Catheter-based acoustic interrogation device for real-time monitoring of the dynamics of the lower esophageal sphincter: In vitro and pilot canine studies

Qian Lu, Lili Zhang, Chunshan Zhao, Hong Jin, Bangmao Wang, Orly Yadid-Pecht, Daniel C. Sadowski, Martin P. Mintchev

Research output: Contribution to journalArticlepeer-review

Abstract

This paper presents a novel minimally-invasive catheter-based acoustic interrogation device for real-time monitoring the dynamics of the lower esophageal sphincter (LES). Dysfunction of the LES could result gastrointestinal (GI) diseases, such as gastroesophageal reflux disease (GERD). A micro-oscillator actively emitting sound wave at 16 kHz is located at one side of the LES, and a miniature microphone is located at the other side of the LES to capture the sound generated from the oscillator. Thus, the dynamics of the opening and closing of the LES can be monitored. The device was tested in vitro by utilizing a custom-designed LES simulator, as well as in vivo in a pilot canine model. In the in vitro test, the sound was captured by the microphone and its strength was correlated with the level of LES opening and closing which was controlled by the simulator. The measurements showed statistically significant (p < 0.05) Pearson correlation coefficients (0.905 on the average in quiet environment and 0.736 on the average in noisy environment, DOF = 9). In the in vivo test, the LES was forced open and closed by a transoral endoscope, which was monitored in real-time by a transpyloric endoscope inserted from the duodenum and positioned into the distal stomach. Frame-by-frame video analysis validated the interrelation between the sound strength and the LES opening and closing. The LES dynamics monitored by the proposed device has the potential to become a valuable minimally-invasive technique for understanding LES dysfunction.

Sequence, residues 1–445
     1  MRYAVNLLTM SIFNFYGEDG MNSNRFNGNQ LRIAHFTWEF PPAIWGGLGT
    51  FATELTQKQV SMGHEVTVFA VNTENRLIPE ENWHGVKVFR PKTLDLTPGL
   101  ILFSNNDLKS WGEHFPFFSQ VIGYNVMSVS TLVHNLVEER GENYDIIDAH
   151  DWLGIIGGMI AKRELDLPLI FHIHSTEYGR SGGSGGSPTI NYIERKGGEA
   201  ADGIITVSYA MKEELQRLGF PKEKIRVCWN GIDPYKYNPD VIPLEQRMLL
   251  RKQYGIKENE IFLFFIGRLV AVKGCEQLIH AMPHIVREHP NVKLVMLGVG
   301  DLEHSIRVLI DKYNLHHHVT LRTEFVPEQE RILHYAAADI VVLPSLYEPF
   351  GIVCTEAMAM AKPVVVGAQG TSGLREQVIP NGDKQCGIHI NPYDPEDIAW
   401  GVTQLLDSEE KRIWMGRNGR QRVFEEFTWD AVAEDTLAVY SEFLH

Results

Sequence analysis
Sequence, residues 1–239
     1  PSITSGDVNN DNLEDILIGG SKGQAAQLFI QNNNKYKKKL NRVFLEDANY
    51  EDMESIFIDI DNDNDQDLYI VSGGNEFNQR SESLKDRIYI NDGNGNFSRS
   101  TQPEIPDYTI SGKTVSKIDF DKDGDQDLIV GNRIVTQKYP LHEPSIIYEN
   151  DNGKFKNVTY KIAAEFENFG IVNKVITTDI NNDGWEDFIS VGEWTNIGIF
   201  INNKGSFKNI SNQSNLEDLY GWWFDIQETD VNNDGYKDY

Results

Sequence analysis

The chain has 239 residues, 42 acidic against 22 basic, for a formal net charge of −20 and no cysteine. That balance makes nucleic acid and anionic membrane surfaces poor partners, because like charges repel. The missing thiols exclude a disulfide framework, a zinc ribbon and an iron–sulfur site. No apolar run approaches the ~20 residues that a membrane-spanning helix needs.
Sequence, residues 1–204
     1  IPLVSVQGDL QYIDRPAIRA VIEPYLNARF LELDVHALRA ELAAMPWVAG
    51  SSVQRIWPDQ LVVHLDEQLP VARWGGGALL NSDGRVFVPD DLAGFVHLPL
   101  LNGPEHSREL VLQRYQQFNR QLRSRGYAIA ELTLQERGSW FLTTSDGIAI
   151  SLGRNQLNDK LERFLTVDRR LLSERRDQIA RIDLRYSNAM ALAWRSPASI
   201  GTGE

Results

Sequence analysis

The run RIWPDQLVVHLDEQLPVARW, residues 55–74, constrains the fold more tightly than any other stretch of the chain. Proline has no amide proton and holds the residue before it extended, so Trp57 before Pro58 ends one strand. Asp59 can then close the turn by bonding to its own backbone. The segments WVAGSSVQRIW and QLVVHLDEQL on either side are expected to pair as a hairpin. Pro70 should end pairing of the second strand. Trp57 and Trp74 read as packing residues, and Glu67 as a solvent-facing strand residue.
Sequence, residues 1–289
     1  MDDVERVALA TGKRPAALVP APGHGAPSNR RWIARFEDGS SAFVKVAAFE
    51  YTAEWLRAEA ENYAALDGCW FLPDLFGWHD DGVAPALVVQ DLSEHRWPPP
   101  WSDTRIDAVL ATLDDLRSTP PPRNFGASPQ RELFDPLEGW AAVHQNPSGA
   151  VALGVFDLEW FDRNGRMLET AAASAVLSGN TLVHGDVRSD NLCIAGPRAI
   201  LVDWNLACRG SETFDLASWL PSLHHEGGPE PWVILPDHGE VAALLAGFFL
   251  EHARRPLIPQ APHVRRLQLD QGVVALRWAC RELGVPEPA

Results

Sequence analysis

Original languageEnglish
Pages (from-to)2471-2482
Number of pages12
JournalPhysiological Measurement
Volume36
Issue number12
DOIs
StatePublished - 4 Nov 2015
Externally publishedYes

Keywords

  • acoustic device
  • gastroesophageal reflux disease (GERD)
  • lower esophageal sphincter (LES)
  • microphone
  • oscillator
  • real-time monitoring

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